Today was a good day. I drove Frank and Liz to that airport and for the most part traffic was light. It was bittersweet sending them off since I had started to grow accustomed to having them around, but I do like having my house to myself (and Isabella).
I went into work and generally the day there was pretty good also. It is hard sometimes to see progress even though you spend a lot of time doing things, but I think progress is being made.
When I got home, I had 2 packages waiting at the door. One was my order of supplies, and the other was a box of samples. I will inventory them tomorrow, but for now I am feeling comfortable with my reserves. Even better, the appliance that I applied on Monday night is still holding up and I hope to get the full 3 days out of it. If I make that, I will feel more confident in my skills and my skin will hopefully have had that time to recover from the weekend trauma.
Today I woke up with a single appliance left in reserve after changing out again last night. I found a really good video online that suggested some things that I had not tried before that I am trying, mainly one where I rotated the square barrier 45 degrees to apply in as a diamond which allowed the adhesive to attach to skin that had not received quite so much abuse. I even felt confident enough to shower with it (which also could help since previously I had been taking bird baths, first because of the infusion pump, then because of my fear about the seal, so there was certainly some potential for body oils to seep into the area where the adhesive sits. I am hopeful that this will last the expected 3 days.
My stress was relieved when the nurse came and had 4 appliances with her, then later my Amazon order came with the parts I needed to assemble another 4. In addition I spoke with a representative from another appliance manufacturer and have samples on the way, expected tomorrow. To put a cherry on it, the nurse confirmed that my normal order had been processed, and I received both an email and call from the vendor that it was on the way, along with a tracking number. I should be well stocked by the end of the week, and hope to keep the 8 appliances that I currently have on hand (not counting the one in my emergency kit) as a reserve supply.
As for the chemotherapy part of things, I feel good, with no obvious signs of side effects yet. Maybe a little sensitivity in my gums, so I am using a soft bristle tooth brush now as suggested. Around the nurses visit I worked a normal day again, and continue to feel good about having that to focus on during this process. Some folks then they hear that my chemotherapy is planned for six months think that is a long time, but when I challenge those same people to develop a new product in the same six months, it all of a sudden seems very short.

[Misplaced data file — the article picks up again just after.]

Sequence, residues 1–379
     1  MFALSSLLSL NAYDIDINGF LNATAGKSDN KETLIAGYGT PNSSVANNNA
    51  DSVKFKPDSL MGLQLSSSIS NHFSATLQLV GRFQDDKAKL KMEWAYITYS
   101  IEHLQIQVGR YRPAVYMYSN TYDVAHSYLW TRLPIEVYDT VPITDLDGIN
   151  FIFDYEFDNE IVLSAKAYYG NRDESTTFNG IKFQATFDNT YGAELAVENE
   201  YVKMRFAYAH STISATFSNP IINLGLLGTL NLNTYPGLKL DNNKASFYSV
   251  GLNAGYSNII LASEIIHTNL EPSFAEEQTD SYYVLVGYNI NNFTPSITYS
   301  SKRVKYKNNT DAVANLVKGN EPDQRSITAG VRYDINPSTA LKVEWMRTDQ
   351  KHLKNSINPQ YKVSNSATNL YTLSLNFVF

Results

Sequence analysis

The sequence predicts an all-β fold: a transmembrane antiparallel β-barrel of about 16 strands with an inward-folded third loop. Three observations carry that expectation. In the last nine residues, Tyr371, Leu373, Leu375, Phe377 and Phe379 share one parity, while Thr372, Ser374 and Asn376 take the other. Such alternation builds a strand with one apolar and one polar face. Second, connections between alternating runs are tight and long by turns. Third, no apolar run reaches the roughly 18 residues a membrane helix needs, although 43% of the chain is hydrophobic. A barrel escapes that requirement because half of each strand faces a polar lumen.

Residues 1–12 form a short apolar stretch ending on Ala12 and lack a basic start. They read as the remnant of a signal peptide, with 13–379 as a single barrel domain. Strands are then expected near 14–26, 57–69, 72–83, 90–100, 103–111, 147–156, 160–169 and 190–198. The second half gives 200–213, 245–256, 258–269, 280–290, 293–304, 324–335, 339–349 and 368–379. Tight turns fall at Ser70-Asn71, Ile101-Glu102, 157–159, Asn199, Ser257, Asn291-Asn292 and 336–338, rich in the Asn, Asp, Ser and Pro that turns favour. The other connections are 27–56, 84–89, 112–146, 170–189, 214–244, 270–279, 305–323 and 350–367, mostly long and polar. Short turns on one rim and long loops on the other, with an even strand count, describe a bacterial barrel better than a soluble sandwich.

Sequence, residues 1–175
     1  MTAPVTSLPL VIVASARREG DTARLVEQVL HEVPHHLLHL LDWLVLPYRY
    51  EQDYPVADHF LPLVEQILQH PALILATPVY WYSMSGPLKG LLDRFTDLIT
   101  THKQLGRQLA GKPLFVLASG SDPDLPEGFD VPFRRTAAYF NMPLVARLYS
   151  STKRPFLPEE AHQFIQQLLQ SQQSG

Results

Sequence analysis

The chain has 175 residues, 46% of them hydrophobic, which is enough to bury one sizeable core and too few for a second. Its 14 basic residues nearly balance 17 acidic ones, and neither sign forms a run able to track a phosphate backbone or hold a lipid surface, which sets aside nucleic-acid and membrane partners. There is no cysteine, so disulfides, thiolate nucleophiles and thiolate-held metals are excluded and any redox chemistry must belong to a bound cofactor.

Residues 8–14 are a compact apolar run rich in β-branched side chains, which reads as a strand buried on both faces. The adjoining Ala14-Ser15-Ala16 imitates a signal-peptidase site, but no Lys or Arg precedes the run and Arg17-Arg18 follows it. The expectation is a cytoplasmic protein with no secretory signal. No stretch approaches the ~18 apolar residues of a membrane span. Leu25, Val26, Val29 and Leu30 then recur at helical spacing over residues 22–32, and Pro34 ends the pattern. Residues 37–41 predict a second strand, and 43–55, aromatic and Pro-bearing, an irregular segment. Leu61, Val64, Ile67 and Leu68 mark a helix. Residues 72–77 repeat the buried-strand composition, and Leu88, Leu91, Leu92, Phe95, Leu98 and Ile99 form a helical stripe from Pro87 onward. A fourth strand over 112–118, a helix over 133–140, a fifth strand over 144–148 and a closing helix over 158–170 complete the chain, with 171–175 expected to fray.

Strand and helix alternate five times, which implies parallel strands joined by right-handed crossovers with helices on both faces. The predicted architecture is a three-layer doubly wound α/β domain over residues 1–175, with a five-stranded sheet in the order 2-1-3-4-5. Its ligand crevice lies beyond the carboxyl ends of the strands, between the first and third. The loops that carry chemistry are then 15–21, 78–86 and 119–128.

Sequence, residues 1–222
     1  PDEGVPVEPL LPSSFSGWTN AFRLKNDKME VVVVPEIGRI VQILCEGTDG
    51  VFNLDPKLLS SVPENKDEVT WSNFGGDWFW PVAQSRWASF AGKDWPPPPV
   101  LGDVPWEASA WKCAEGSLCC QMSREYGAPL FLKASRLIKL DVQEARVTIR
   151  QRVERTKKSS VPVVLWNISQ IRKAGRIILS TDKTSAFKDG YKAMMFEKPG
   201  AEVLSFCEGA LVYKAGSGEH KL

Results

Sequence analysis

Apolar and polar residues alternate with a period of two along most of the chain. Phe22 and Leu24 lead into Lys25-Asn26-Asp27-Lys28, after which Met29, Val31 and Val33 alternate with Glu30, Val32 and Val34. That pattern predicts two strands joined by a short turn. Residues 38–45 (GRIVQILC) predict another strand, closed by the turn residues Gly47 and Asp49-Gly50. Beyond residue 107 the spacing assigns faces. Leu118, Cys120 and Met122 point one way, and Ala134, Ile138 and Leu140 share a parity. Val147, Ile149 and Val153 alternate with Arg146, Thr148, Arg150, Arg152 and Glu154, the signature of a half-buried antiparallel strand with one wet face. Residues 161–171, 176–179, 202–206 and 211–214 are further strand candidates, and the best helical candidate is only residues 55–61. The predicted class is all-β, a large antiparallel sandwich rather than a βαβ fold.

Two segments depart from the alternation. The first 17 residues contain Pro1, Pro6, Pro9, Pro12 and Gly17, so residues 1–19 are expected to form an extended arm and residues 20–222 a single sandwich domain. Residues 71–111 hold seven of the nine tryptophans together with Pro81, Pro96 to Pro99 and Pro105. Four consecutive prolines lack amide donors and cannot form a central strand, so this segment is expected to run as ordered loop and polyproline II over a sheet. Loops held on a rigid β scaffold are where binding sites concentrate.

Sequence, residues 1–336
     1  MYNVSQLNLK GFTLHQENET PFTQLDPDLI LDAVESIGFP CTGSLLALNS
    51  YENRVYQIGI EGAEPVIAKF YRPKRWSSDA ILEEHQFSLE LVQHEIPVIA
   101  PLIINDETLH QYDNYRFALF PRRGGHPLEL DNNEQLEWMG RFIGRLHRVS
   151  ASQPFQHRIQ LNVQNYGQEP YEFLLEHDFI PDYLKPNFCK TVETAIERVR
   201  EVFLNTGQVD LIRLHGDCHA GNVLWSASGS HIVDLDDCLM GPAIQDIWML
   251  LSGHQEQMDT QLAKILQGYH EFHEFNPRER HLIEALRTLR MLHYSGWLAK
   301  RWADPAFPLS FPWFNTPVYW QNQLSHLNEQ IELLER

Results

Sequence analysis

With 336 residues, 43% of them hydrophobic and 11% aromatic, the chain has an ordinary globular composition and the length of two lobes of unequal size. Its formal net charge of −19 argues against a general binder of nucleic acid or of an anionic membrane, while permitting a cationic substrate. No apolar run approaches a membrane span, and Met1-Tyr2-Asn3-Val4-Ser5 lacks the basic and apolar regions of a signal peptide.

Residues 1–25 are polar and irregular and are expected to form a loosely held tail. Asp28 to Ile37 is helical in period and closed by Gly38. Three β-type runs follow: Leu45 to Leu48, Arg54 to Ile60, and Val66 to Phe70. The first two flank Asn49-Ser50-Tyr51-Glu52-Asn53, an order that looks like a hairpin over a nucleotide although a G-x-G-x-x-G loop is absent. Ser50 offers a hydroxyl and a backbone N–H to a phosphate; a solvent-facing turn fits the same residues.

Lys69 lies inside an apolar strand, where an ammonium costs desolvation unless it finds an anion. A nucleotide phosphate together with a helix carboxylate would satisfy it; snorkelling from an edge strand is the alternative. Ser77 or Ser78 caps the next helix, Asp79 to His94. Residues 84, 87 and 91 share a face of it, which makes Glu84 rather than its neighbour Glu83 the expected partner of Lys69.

Frank and Liz fly back to Pittsburgh tomorrow. It was awesome having them here and I will miss the company, but Isabella and I are ready to get back to a little more routine, and I am certain that Frank and Liz are more than ready to get back to their lives. Thanks go out to my niece Emily and nephew EJ for their efforts keeping things going back in Pittsburgh while they were here.
I was hoping for a visit from the nurse today, but after not hearing from her by 11AM, I made a call. Talking with her we arranged for her to come tomorrow morning and to bring some backup supplies, which along with the Amazon order I expect tomorrow should alleviate that stress.
I noticed the adhesive bubbling last night before bed on the opposite side where I had failures before. Having tried with no success to use various types of medical tape before, I was not too hopeful, but recalled that in the last partial order there were some strips included that were actually intended for this purpose. They provide a more elastic material that can stretch a bit and return to shape without separating. I used some q-tips to make sure the area under the lifting was clean then affixed one of these devices to secure it all in place. After a full day with this accommodation, it is still attached and no leaks detected. I did notice during that action that my manly belly hairs are growing back and could be the cause of that failure. When I change my apparatus next, I will make sure to take time to shave it bare before placing the barrier.
Otherwise I spent the day working from home, then chilled with my brother and his wife.
Other than the stress about my low supplies, today went well. I did end up burning through another apparatus when the adhesive on the one I installed in the middle of the night lost hold. I tried for awhile to augment it with tape before it gave out, but ultimately that is only going to buy a few hours at best.
I am hoping / suspecting that I had two points of failure and have hopefully addressed them this time. I noticed on this one that my stoma had shrunk (as expected) so I remeasured from scratch and cut the backing hole smaller than before. That should then leave more surface area for the seal and adhesion while also preventing waste from leaking to the seal as easily. The second thing was at the point where the adhesive touches the skin. I spent considerable extra time (and discomfort) making sure that I had removed any residue from around the stoma and on any surface where the backing piece adhesive makes contact. This skin is a bit sensitive from the previous failures, so it was a bit painful at times, but necessary. If this one does not hold, I will start to worry that the dry skin possible side-effect of one of my chemo drugs may be impacting the site. That is just conjecture at this point and of course and if necessary I will discuss with my medical team.
Otherwise we watched seasons 3 and 4 of Black Adder and chilled for the day.
Today was for the most part good. I woke unexpectedly early to find that my apparatus had become detached from my in the night. It was the night of the third day, so I was reaching the end of life for that one, but still, not how one wants to wake at 3AM. I took it in stride though and began to replace it with a new one from my now dwindling stock pile. As I was working on the process I discovered that my bottle of spray on barrier film was empty which gave me grave concerns as to how well this one would stay attached since the irritation to my skin also warranted using the powder, which the barrier film is supposed to go over top of to seal it in and present a reliable surface for the adhesive. Nonetheless, I persevered and did my best to create a good surface to the adhesive. Once that was taken care of, I proceeded with cleaning up the mess and getting everything sorted back out, then went back to sleep.